Inter-war blues is territory that’s already been explored by Ry Cooder and Taj Mahal, but it’s occupied comfortably by Ramblin’ Jack. At 77 he’s just about old enough to remember it first time round but, just as importantly, he learned at the feet of the great Depression balladeer Woody Guthrie.
Elliott’s timeworn voice – sometimes fragile, sometimes strong – delivers this well chosen selection of material over arrangements that range from New Orleans marching band to old-timey string instruments and accordion. On a couple of tracks the brass bass seems to overwhelm the basement studio that producer Joe Henry recorded in, resulting in a muddy mix, though most of it is clear and well separated.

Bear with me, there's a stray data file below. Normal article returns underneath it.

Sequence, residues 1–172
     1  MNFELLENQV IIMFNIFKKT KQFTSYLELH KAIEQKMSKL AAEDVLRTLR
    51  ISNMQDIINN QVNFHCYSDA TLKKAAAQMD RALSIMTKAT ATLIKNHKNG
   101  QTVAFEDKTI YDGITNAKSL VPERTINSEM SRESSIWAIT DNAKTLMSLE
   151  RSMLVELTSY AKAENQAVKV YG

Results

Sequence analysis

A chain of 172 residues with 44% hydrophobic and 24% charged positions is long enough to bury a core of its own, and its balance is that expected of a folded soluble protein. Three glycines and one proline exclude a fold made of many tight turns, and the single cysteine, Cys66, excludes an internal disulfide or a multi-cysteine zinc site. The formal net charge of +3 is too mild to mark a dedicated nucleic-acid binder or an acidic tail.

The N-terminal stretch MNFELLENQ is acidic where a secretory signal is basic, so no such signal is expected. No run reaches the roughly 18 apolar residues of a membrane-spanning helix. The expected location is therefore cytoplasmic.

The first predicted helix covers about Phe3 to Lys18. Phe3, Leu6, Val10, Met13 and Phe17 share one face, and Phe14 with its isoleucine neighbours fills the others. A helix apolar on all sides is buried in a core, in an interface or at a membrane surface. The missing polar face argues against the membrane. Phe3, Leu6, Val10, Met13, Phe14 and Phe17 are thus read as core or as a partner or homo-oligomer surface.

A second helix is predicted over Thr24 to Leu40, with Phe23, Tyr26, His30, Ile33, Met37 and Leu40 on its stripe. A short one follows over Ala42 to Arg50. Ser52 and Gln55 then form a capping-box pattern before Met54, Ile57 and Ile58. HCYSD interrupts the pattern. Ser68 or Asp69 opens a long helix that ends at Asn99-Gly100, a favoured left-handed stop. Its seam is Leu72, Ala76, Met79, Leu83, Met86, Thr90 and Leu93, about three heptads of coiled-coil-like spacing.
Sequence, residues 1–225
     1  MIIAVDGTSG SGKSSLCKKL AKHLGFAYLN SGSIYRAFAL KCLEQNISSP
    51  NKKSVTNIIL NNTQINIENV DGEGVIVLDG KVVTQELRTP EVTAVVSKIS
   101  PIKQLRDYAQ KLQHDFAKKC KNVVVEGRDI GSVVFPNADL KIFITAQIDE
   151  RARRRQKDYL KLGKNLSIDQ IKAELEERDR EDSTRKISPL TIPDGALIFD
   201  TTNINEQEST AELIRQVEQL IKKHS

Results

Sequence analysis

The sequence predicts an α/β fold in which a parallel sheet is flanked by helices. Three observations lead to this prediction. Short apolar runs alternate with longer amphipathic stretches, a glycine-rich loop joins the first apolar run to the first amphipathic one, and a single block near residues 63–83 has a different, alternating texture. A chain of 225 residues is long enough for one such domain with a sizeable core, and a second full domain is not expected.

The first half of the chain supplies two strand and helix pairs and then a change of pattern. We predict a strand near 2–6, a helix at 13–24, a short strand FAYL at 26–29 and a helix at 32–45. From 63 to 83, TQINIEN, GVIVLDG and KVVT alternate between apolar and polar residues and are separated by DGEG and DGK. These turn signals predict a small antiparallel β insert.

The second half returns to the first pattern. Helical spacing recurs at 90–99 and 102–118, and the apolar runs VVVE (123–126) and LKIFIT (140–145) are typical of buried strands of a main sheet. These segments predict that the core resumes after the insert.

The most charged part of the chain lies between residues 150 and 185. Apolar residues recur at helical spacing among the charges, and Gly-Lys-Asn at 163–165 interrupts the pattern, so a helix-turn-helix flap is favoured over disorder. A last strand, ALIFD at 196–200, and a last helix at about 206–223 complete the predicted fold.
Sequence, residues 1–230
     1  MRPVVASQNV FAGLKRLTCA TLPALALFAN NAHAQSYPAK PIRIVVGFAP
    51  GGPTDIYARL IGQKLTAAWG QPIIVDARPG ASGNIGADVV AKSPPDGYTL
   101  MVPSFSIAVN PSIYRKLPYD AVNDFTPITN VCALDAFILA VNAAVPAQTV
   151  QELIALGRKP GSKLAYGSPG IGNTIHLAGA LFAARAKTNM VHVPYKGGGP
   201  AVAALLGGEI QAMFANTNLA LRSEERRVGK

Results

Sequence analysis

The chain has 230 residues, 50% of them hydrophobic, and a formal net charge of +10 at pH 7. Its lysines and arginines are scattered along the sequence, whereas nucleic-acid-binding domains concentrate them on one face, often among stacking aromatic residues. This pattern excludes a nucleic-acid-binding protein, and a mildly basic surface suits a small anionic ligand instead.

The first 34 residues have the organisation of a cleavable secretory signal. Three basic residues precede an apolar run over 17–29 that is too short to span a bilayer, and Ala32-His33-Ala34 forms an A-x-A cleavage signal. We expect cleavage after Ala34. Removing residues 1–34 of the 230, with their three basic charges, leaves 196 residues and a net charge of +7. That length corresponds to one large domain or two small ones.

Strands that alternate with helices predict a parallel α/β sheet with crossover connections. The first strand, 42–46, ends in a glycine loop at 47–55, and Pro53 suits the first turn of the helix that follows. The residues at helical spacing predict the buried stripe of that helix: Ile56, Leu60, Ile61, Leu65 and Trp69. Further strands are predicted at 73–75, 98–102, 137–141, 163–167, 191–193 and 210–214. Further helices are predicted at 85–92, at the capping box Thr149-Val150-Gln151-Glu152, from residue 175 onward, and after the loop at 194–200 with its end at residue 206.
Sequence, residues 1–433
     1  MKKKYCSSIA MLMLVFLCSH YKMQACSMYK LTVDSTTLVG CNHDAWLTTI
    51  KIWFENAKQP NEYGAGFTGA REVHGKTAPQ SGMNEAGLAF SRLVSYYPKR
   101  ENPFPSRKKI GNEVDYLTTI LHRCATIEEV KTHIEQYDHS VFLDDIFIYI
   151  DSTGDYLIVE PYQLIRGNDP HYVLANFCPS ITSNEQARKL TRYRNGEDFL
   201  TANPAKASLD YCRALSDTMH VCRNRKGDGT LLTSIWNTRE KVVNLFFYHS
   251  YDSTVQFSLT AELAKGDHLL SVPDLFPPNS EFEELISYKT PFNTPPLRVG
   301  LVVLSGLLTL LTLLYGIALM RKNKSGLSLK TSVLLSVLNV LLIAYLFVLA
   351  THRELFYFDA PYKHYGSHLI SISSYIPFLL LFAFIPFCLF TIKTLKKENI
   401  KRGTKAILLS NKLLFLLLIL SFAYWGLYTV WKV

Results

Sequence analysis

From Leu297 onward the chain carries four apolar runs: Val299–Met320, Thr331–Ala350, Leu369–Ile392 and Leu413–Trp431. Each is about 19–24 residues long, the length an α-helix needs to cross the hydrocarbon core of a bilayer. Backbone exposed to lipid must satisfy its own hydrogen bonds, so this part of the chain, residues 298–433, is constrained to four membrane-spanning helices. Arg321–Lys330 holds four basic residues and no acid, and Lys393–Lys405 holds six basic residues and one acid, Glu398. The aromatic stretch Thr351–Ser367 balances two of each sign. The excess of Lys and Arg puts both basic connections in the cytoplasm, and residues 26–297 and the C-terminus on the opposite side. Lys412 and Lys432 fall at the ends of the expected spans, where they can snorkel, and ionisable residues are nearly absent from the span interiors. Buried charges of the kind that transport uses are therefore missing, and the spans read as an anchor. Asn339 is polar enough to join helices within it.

There’s some superb support playing (is that Van Dyke Parks tickling the ivories in a Dr John style?) and it seems appropriate to have this material put back on the table in these financially straitened times. The 10 songs are more How Can A Poor Man Stand Such Times & Live than Fishing Blues but, though they’re of the Depression, they’re not depressing – like the blues generally, the survival of hardship is celebrated as an affirmation of life, and Ramblin’ Jack has done enough living for two lifetimes.